God spoke to Elijah and said, ‘Arise, Get thee to Zarephath...and there I have commanded a widow woman to sustain thee.’ Here is a third element that will sustain us between revivals. The widow of Zarephath represents the life of faith and costly sacrifice that must precede as well as follow visitation. The mercies of God are new every morning, but so are His demands of love and sacrifice.

I see a close parallel here between the Samaritan woman at the well and the widow of Zarephath. Both were asked to give something to God and His representative: one, a drink; the other, a cake. God supernaturally provided them with an abundant return on their investments: to the one, living water; to the other, a living barrel of meal and an overflowing cruse of oil.

‘The barrel of meal wasted not, neither did the cruse of oil fail’. But what finally brought an end to the drought and the great outpouring of God’s Spirit upon the land?


God called Elijah to challenge the evil principalities and powers with a simple act of obedience. Elijah summoned everyone in Israel and the prophets of Baal to stand before the altar of God on Mount Carmel. He then asked his nation, ‘How long will you halt between two opinions? If the Lord be God, follow him; but if Baal, then follow him’.

Nowhere in scripture do we find a starker picture of man’s two approaches to God who alone holds the power to bless. On one side the fanatical prophets of Baal stood exhausting their repertoire of spiritual antics, shouting, screaming, leaping and cutting themselves. I sometimes wonder if all our efforts to obtain revival by religious works don’t rival these pagan forms of self-abasement.

“...the real spoiler that divides brethren happens when we depart from the truth.”

Instead of this, Elijah stepped forward and ‘repaired the altar of the Lord that was broken down. He repaired the place where bankrupt mankind places by faith all he possesses at God’s disposal and where mankind gives to God only what He asks for, our loving obedience.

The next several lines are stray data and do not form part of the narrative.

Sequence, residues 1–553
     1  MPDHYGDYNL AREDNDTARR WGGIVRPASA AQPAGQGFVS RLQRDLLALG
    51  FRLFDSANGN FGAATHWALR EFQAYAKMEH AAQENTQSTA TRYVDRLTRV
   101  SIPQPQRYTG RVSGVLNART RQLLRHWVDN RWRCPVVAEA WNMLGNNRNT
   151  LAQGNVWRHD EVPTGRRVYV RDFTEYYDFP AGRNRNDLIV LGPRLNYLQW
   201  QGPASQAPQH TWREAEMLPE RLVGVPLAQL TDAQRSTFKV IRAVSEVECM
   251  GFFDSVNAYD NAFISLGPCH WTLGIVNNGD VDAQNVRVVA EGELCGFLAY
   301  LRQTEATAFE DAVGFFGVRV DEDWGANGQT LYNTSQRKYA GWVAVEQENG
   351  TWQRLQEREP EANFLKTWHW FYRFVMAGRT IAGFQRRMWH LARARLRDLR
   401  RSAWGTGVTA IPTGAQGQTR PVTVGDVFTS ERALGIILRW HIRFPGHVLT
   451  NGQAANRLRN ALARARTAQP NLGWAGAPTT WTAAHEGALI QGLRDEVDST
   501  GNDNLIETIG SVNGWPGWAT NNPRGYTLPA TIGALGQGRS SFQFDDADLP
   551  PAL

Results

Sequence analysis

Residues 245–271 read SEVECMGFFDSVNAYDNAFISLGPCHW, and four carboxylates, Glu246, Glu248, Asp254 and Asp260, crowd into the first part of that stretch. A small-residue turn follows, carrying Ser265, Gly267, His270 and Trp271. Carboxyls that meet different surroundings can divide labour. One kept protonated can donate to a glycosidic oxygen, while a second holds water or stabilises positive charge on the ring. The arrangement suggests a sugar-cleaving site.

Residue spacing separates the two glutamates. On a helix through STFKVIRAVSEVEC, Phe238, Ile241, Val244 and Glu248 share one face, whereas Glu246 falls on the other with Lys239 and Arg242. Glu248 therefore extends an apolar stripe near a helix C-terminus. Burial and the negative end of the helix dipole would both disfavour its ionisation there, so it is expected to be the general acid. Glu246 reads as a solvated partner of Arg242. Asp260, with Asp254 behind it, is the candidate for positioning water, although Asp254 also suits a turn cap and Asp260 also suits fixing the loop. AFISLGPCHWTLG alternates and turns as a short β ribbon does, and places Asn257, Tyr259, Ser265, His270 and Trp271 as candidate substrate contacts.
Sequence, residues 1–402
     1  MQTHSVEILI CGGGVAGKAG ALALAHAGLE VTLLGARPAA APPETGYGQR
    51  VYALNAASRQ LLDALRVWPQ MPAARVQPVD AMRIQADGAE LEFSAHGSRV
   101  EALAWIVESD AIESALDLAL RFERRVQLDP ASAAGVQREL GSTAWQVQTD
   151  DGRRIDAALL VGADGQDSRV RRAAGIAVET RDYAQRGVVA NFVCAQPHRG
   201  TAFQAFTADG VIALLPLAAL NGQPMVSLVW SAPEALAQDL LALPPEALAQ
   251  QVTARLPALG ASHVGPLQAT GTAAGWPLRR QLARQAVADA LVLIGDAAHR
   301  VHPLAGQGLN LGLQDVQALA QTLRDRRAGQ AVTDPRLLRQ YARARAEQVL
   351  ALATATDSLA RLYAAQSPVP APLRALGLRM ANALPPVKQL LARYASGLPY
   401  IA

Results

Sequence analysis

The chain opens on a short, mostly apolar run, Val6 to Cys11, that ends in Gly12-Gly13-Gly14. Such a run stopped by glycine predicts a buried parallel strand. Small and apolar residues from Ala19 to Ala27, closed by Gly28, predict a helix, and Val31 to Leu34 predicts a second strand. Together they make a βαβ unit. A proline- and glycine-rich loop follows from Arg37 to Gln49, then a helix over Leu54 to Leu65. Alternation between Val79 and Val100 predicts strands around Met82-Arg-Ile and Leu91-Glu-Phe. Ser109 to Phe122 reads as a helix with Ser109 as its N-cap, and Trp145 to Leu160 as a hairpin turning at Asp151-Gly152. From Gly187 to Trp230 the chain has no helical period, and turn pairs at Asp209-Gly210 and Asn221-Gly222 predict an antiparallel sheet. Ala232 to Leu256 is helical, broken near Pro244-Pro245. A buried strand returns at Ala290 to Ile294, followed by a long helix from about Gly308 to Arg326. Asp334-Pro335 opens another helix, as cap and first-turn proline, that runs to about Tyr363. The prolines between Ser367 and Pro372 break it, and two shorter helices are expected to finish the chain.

If we are to see another divine visitation in our day, we must forsake the antics of Baal and return to rebuild the altar one essential stone at a time just as Elijah repaired the altar. ‘He took 12 stones according to the number of the tribes.’

I have observed a paradox: visitation divides as well as unites the Body of Christ. It can split churches and families, and yet also reunite brethren across denominational divides. God wants everyone to experience the visitation we are seeking. If we rebuild the altar together and embrace those few precious truths we have in common, we won’t be part of the division left in the drought.

Elijah stood before the altar and simply prayed, ‘Let it be known this day that thou art God in Israel... and that I have done all these things at Thy word.’ Visitations come, stay, and return only ‘at His word’. In our sincere desperation not to quench the Spirit during the dry times, we are often tempted to tolerate faddish teachings, practices, and so called ‘visions’ that just do not exalt Jesus Christ nor have any foundation in the written word of God. They are not the essence of real revival, either. Perhaps this is why our ranks thin and true visitation turns to drought.

While unusual but genuine manifestations during visitation are often a source of tension in the body of Christ, the real spoiler that divides brethren happens when we depart from the truth. Sincerity is no substitute for the truth. Jesus is the truth.

When Elijah finished restoring the altar, ‘Then the fire of the Lord fell...and when all the people saw it, they fell on their faces: and they said, the Lord He is God.’ Do you want to see revival fire fall and unbelievers forsake today’s prophets of Baal? Let’s return to Jesus, the author and finisher of our faith, hide ourselves in Him and see His Kingdom, His Power and His glory come.